Up top, the EVO 10 remains impressively restrained. I hear a tiny bit more tizz at around 5kHz, which brightens attack on hi-hats and cymbals. But, that aside, the cable doesn’t really add much else, which I personally enjoy. I feel this top-end’s most notable achievement is actually in the higher-treble. It extends enough to create a dark, pitch-black background for instruments to pop in and out of. Again, it’s what drives the EVO 10’s punch. Now, it doesn’t necessarily aerate or breathe as openly or freely as, again, the Leonidas II or some of the 8-wire cables I’ve heard. You’ll hear a tiny bit of compression that’ll probably dull that impact after a long while. But, for what it is, I feel it’s an impressively balanced treble that avoids the pitfalls of most “fun-sounding” cables. It isn’t mind-blowing-ly technical, but it gets the job done, and fits in nicely too.
The EVO 10 is a cable that doesn’t necessarily strike neutral on the head. But, I really think the colourations it does bring to the table have great charm to them. Down here are three of what I consider to be the EVO 10’s most appealing traits:
A musical, immersive presentation rooted in vocals: Despite the vividness and contrast sat in its extremes, what makes this EVO 10’s signature to me is its smooth, enveloping and dynamic mids. Vocalists are up-close and personal without being congested, artificial-sounding or saturated. They’re all immersive, nuanced and glowingly-toned. It’s a quality that brings out the best in monitors like Empire Ears’ ODIN or Vision Ears’ ELYSIUM, and it genuinely is the EVO 10’s standout for me.
Broad, expressive instruments that make space: Complimenting its punchiness is a sense of speed to this EVO 10. And, that prevents instruments from lingering too long and mucking up the stage or overcrowding the ensemble. Though its space isn’t always 100%-spherical, there’s always a sense of order and tightness to this cable, which is why it also sports such a clean, crisp backdrop. So, if you want your complex material punchy and well-resolved, the EVO 10 will perform just fine.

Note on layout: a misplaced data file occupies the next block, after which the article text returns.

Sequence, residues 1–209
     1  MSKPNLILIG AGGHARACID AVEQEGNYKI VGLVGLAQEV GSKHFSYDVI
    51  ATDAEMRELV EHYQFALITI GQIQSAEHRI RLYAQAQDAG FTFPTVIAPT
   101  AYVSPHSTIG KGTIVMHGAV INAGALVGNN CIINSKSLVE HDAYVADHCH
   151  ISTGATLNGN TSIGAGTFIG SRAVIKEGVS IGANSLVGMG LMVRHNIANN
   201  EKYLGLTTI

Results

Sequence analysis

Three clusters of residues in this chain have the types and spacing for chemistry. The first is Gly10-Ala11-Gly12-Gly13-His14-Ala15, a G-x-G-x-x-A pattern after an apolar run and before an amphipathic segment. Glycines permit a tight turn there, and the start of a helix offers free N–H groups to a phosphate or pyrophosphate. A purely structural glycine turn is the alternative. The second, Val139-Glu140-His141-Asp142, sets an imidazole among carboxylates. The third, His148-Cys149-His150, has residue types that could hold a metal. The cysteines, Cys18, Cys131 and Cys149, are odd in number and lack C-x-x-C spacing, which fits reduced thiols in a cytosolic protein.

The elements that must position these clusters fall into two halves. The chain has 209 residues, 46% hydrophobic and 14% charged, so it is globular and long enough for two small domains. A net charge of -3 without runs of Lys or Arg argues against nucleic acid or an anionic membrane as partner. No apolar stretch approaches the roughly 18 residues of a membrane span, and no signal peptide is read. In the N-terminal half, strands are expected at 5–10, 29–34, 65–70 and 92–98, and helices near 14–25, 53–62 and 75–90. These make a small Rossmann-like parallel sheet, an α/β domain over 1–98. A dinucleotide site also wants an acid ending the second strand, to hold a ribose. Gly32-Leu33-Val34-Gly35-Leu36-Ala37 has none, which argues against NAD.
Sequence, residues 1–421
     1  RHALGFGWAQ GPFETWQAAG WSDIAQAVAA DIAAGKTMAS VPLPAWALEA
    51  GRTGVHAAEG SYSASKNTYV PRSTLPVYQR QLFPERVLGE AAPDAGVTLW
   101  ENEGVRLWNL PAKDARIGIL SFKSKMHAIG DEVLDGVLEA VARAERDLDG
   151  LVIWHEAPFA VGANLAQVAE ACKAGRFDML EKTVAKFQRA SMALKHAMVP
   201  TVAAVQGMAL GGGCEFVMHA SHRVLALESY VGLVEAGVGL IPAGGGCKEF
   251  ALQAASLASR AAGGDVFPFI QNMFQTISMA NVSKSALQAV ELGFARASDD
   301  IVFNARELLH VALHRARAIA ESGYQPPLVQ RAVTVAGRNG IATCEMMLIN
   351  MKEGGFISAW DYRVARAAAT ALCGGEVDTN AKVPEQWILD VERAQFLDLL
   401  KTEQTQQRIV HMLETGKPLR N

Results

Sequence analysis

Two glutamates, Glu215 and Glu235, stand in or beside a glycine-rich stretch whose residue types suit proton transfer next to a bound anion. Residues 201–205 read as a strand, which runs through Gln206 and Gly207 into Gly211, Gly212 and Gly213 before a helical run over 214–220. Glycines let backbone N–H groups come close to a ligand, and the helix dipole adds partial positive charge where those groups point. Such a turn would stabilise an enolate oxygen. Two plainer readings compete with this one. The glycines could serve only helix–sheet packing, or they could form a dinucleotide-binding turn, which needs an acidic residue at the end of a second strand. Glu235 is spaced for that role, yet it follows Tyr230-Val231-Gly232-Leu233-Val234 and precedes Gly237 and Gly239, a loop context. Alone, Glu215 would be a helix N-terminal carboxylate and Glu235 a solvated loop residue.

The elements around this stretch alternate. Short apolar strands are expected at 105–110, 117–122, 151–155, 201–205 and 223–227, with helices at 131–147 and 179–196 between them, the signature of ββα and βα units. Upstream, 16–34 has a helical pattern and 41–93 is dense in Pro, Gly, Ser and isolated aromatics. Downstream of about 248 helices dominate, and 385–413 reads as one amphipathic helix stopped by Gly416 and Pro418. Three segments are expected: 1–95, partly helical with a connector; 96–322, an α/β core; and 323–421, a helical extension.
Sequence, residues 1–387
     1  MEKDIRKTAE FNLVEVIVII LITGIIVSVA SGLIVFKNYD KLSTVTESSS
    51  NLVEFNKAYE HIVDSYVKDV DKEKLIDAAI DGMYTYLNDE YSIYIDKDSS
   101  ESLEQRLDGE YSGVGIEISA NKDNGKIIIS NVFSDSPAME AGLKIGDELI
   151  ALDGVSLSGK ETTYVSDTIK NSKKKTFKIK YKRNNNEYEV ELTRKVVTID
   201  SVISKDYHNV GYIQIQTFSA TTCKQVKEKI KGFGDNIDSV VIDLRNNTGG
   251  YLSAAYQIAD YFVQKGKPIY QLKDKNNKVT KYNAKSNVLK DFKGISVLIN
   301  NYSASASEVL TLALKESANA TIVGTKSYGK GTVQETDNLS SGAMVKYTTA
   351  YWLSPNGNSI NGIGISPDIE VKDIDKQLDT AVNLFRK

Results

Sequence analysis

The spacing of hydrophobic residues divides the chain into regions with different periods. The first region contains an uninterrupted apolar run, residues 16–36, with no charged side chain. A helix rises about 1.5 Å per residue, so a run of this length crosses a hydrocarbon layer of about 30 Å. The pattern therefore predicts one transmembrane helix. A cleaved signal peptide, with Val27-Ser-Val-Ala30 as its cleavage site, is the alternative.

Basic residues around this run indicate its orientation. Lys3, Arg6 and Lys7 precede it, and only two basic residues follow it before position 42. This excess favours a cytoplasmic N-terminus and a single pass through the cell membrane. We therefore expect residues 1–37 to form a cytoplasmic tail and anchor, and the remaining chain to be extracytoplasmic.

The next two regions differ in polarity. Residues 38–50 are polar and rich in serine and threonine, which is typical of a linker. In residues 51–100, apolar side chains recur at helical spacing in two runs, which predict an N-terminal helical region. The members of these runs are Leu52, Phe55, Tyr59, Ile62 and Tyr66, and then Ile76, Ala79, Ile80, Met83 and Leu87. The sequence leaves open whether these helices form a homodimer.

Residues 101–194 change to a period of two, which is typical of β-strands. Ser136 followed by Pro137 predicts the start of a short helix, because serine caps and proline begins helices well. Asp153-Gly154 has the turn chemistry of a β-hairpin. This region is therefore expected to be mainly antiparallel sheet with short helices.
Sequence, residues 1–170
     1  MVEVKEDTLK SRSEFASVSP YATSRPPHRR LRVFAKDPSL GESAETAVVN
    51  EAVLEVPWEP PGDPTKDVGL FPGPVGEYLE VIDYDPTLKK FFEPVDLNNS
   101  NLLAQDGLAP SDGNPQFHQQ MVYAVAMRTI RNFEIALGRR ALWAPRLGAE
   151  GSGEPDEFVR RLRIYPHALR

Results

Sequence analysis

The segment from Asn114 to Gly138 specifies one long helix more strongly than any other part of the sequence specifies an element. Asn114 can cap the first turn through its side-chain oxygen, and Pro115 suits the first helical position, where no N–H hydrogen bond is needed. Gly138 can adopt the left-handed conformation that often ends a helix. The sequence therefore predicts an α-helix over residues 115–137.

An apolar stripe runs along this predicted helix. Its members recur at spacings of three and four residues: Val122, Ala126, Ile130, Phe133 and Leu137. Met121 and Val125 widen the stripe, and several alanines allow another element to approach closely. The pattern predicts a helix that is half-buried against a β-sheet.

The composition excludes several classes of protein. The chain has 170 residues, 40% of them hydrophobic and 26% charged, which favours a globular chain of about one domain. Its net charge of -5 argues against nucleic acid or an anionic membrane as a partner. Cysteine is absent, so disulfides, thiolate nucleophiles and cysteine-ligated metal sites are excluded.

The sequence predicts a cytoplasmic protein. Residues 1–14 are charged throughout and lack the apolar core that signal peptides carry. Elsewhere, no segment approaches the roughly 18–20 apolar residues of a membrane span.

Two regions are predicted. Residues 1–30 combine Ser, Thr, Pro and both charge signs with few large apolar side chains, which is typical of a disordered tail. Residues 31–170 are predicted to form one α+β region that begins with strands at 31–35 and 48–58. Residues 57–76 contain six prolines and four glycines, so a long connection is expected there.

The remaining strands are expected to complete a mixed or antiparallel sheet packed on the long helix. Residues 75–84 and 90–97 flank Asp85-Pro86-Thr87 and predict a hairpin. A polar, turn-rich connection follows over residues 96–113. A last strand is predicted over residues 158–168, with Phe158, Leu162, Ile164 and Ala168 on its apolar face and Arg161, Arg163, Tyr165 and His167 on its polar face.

A fun, impact-driven sound without an egregious V-shape: Lastly, this EVO 10 manages its vibrance and exuberance without resorting to too many tonal compromises. It’s minimal to my ears, and the resulting sig is admirably balanced for what it is. So, again, if you want instruments to have more pop and shine without becoming artificial, the EVO 10 is a good shout.
On the other hand, as is always the case with slightly-coloured gear, it won’t cater to those who desire the opposite of its sound. So, if the three aspects below are what you want to bring to your in-ear, the EVO 10 may not be the cable for you:
Complete, utter neutrality: Obviously, the EVO 10’s boosted signature won’t appeal to those looking for perfect linearity or uncolouredness. Effect’s Eros II, Janus D or Code 51 would be stronger fits for this. Despite what I feel are very desirable, universal traits this EVO 10 has, it ultimately won’t be ideal if you want pure, technical lifts without the tiniest tonal shift.
Tight, compact, clinical-leaning notes: Then, despite this EVO 10’s tidiness and speed, its notes tend to trend on the larger side as well. Its mid-bass and midrange have glow to them, and the latter’s more intimately-positioned as well. So, if you crave more distant-sounding instruments with a more perimeter-of-the-stage arrangement, Effect’s Janus D is more ideal.
A laidback, relaxed or far-field presentation: Lastly, again, this EVO 10’s stereo image is on the more intimate side. While it definitely has more than enough background blackness and organisation to manage capable layering and separation, it probably won’t be up to par to the demands of some of the community’s most ardent soundstage enthusiasts. So, for a bit more space, I’d probably recommend Effect’s Leonidas II instead, or one of the 8-wire cables like the Bespoke Ares II.